The myth of the noble scientist

David Goodstein used this term to describe:

the long-discredited Baconian view of the scientist as disinterested seeker of truth who gathers facts with mind cleansed of prejudices and preconceptions. The ideal scientist, in this view, would be more honest than ordinary mortals, certainly immune to such common human failings as pride or personal ambition. When people find out, as they invariably do, that scientists are not at all like that, they may react with understandable anger or disappointment.

I think it is a useful term. But I don’t agree with Goodstein’s belief that scientists are guilty of promoting it. Certainly not in my experience.

Before Fermi Lab visit

I think of a scientist as very dedicated to his work. He is kind of crazy, talking always quickly. He constantly is getting new ideas. He is always asking questions and can be annoying. He listens to others’ ideas and questions them.

After Fermi Lab visit

I know scientists are just normal people with a not so normal job. . . . Scientists lead a normal life outside of being a scientist. They are interested in dancing, pottery, jogging and even racquetball. Being a scientist is just another job which can be much more exciting.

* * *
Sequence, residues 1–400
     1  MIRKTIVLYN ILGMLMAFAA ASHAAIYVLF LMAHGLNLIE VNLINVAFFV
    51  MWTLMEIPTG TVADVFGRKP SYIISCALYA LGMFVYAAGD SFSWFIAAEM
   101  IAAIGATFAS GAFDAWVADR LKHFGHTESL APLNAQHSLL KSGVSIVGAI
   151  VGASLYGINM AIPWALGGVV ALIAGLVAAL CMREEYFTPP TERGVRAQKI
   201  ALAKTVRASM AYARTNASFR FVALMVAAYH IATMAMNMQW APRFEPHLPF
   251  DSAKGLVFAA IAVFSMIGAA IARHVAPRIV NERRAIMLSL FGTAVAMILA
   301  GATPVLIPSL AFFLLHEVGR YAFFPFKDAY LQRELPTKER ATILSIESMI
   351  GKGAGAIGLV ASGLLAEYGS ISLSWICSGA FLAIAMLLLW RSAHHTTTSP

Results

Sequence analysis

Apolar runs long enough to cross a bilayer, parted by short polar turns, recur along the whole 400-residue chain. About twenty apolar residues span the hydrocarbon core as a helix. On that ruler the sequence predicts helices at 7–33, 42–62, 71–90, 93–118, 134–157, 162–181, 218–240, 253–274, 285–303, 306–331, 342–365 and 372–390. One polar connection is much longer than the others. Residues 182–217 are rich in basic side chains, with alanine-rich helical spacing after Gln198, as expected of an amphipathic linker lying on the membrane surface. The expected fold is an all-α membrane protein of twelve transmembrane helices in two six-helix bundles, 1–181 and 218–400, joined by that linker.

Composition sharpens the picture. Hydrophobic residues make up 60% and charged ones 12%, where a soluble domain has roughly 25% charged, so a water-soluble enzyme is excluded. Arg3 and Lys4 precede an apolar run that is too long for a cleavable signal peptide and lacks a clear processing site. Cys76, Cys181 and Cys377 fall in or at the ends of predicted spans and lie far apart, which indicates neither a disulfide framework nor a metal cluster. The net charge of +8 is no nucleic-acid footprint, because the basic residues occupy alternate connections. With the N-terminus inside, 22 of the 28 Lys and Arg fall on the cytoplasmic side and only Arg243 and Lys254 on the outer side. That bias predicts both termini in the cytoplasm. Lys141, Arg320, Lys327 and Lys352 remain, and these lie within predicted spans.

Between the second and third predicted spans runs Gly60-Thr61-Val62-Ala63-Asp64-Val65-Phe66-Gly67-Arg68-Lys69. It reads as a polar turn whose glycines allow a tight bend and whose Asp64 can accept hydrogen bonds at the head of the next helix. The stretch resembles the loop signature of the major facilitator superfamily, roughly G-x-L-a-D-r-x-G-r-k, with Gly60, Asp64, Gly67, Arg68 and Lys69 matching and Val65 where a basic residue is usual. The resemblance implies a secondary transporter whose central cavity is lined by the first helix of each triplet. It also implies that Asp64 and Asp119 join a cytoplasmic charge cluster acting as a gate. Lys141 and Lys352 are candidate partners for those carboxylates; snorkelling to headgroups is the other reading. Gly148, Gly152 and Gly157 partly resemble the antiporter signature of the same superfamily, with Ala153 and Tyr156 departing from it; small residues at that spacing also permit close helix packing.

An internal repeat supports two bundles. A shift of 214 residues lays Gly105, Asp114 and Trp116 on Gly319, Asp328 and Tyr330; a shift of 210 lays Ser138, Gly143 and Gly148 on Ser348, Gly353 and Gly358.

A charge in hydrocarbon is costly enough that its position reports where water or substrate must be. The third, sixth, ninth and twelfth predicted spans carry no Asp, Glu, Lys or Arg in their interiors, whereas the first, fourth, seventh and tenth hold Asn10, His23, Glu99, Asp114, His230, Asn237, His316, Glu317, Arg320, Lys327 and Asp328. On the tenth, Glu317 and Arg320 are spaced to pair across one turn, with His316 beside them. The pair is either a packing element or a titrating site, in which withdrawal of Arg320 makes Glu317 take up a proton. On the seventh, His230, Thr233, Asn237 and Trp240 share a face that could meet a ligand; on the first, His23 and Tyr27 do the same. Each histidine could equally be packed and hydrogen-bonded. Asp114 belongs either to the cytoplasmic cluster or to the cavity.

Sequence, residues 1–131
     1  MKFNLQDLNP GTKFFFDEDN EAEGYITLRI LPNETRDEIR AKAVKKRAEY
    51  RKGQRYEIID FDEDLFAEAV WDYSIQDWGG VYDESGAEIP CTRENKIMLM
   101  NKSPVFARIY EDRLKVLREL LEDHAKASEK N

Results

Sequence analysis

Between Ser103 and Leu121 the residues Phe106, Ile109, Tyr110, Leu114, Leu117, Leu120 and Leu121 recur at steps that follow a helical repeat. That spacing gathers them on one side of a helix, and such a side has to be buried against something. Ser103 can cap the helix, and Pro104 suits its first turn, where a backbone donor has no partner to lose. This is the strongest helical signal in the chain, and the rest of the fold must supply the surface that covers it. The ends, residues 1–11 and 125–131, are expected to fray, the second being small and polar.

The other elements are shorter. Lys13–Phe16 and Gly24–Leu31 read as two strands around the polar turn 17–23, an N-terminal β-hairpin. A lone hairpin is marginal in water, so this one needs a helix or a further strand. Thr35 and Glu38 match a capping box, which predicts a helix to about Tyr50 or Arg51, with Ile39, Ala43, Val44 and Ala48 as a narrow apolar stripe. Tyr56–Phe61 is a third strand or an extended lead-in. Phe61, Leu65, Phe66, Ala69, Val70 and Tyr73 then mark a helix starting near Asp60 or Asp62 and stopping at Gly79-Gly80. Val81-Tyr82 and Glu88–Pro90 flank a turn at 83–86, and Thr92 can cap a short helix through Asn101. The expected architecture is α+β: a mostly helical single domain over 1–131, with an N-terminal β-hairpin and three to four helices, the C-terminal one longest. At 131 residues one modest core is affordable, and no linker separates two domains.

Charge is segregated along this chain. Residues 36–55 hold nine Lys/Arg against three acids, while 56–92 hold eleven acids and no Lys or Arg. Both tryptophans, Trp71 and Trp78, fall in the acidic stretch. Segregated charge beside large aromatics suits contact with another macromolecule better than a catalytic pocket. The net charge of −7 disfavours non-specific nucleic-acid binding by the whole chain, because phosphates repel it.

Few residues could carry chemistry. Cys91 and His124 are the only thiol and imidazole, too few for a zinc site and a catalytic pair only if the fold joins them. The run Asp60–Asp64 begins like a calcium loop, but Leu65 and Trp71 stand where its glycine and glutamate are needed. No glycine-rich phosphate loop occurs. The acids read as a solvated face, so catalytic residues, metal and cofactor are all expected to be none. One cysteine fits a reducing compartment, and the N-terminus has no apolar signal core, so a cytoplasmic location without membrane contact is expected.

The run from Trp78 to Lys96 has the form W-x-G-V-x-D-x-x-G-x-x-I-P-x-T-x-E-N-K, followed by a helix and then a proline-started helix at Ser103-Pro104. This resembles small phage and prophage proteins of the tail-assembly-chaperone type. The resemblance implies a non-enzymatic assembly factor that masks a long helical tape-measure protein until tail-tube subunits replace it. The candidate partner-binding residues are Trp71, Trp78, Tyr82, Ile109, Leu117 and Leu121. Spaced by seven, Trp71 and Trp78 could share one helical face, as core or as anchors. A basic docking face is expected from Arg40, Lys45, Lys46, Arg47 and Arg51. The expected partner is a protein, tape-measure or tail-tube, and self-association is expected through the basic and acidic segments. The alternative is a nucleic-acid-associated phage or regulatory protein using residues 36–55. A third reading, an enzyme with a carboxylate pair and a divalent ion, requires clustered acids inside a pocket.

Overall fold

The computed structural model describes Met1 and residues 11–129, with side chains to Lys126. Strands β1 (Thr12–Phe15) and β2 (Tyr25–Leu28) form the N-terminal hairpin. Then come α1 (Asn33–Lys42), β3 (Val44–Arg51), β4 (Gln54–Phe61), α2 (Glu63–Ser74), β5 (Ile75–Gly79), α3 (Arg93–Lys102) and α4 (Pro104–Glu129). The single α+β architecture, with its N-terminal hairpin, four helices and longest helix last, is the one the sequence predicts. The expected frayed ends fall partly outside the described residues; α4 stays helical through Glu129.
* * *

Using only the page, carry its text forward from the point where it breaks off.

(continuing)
These are drawings and comments made by Amy, one of a group of US 7th Graders before and after their visit to the Fermi lab

True, there is an ethos of honesty in science which we can be proud of and attempt to adhere to. But we know that scientists are just as human as anyone else. They certainly are as susceptible as others to human failings. And this includes not only pride and personal ambition but also subjectivity, blinkered views, bias and even superstition.

Maybe in the past there was this public picture of the noble scientist but we now live in a more more sensible age. Biographies of scientists are no longer hagiographies. Anyone who has read a recent biography will be aware of how unpleasant Newton was personally. Of Albert Einstein’s treatment of his first wife and their fist child. Of Madame Curies’ affair. No, these heroes of science were real people, not the idealised noble scientist.

Some biographies will even discuss the scientific mistakes of these great scientists. Although, I personally think more should be made of these as they would help us understand the real processes that go on in scientific discovery.